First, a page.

From Nordhaus’s A Question of Balance (pp. 21-22):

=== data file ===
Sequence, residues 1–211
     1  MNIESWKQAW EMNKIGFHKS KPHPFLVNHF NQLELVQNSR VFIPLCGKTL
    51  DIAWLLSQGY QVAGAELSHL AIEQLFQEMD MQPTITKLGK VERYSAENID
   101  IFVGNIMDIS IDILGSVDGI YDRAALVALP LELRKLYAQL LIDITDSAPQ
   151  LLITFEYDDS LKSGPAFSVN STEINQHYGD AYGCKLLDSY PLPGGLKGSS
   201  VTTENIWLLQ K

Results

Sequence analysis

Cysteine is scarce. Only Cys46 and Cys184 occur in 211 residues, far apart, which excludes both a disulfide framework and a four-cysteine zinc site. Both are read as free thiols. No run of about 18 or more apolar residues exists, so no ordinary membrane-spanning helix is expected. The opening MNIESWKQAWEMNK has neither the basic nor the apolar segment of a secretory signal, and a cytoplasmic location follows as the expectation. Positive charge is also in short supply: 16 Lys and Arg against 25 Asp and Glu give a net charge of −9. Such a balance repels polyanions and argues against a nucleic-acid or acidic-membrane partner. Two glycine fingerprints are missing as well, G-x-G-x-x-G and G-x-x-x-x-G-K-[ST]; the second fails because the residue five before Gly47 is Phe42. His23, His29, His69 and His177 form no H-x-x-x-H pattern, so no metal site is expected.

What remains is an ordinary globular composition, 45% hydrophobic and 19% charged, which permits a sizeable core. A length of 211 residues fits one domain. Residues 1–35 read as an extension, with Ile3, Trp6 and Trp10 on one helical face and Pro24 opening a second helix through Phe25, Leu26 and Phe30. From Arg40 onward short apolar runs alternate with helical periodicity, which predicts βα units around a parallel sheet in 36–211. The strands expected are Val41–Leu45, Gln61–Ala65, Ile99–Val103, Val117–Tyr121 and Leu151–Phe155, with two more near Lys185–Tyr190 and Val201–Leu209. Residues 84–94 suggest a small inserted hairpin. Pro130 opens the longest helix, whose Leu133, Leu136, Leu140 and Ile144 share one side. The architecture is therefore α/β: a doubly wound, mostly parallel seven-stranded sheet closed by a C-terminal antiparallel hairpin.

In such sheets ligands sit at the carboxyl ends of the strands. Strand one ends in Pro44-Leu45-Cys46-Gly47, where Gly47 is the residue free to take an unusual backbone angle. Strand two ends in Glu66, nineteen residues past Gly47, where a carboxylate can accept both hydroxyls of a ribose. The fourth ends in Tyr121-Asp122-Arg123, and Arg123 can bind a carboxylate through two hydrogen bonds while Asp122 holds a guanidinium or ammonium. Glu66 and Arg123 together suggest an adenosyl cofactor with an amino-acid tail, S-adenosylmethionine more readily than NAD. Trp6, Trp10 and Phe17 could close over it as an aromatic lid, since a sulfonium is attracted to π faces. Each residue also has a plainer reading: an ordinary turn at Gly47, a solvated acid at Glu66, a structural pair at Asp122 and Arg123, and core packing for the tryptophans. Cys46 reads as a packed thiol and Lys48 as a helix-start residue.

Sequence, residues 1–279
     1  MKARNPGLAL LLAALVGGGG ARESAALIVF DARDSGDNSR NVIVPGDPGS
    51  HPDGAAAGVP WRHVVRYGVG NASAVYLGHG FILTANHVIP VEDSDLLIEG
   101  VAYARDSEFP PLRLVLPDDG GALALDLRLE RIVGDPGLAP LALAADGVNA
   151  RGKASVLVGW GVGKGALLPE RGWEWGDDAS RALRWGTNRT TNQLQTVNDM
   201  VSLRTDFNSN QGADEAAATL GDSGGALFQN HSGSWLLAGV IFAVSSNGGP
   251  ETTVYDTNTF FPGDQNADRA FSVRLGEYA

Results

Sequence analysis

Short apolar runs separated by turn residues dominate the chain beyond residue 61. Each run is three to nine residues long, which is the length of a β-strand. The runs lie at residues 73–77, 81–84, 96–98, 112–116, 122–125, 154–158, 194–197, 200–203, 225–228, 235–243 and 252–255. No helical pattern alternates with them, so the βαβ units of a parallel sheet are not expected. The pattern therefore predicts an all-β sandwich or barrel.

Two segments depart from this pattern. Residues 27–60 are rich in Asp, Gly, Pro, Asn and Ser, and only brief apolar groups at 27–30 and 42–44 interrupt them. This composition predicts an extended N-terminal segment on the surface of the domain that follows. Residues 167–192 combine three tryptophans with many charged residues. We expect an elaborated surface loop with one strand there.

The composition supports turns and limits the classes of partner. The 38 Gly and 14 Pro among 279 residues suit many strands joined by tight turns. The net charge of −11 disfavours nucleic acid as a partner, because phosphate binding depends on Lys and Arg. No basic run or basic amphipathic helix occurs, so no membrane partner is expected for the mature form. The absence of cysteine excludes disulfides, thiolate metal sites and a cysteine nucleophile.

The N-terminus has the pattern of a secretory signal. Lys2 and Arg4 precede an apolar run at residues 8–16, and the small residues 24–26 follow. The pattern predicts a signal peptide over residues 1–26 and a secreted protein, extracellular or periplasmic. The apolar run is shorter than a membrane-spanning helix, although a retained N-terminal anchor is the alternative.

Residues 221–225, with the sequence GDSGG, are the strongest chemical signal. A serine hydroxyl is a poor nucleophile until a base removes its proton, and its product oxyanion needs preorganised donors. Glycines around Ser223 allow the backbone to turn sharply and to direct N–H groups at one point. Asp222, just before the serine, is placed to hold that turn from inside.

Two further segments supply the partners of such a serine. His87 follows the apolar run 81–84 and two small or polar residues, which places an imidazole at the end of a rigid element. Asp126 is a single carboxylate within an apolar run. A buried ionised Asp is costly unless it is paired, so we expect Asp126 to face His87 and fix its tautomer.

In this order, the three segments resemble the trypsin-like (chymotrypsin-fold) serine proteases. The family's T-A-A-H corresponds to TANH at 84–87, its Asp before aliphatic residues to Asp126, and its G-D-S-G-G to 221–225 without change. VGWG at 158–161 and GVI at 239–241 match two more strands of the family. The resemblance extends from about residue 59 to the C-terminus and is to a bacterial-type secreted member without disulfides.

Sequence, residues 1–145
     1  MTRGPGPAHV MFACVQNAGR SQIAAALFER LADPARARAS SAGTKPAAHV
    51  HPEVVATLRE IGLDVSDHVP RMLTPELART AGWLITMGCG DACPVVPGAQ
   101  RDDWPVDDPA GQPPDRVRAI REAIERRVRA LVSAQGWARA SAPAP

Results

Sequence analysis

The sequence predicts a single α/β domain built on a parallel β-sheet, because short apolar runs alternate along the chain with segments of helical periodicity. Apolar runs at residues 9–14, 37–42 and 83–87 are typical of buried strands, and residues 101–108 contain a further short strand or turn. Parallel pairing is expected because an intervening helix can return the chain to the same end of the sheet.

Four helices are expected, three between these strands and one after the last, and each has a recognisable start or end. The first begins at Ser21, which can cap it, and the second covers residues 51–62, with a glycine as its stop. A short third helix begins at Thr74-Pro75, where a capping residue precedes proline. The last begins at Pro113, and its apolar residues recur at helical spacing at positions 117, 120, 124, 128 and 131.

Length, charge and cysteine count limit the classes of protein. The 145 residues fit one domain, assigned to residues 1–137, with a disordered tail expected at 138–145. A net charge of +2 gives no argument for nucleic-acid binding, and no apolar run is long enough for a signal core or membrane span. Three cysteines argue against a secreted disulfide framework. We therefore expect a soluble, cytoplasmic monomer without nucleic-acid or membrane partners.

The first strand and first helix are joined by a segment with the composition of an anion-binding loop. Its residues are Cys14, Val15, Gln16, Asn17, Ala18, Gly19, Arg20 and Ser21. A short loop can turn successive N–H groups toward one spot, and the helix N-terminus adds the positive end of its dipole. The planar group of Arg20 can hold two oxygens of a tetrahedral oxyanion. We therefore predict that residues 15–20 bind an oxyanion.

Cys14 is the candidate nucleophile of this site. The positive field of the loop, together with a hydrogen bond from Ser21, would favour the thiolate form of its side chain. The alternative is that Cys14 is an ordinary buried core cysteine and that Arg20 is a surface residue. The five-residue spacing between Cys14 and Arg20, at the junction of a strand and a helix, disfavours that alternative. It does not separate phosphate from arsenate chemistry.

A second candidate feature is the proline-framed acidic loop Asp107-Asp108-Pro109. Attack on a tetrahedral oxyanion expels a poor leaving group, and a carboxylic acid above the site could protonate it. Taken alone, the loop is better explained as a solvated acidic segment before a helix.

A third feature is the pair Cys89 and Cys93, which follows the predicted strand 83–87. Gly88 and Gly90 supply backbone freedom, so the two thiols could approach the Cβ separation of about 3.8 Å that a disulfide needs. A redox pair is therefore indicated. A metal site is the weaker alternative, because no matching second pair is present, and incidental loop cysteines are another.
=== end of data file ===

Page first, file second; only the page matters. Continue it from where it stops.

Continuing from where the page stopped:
Because of the political unpopularity of taxes it is tempting to use subsidies for “clean” or “green” technologies as a substitute for raising the price of carbon emissions. This is an economic and environmental snare to be avoided. The fundamental problem is that there are too many clean activities to subsidize. Virtually everything from market bicycles to nonmarket walking has a low carbon intensity relative to driving. There are simply insufficient resources to subsidize all activities that are low emitters. Even if the resources were available, the calculation of an appropriate subsidy for a particular activity would be a horrendously complicated task. An additional problem is that the existence of subsidies encourages a pell-mell [?] race for benefits an environmental form of rent-seeking activity. Ethanol subsidies in the United States, which are rapidly turning into an economic nightmare by diverting precious agricultural resources to the inefficient production of energy, are a case study in the folly of subsidies. To some extent, subsidies are simply the attempt of those who have the responsibility to clean up their activites by reducing emissions to place the fiscal burden elsewhere. Finally, subsidies have the public-finance problem of requiring revenues, which would involve raising the inefficiency of the tax system.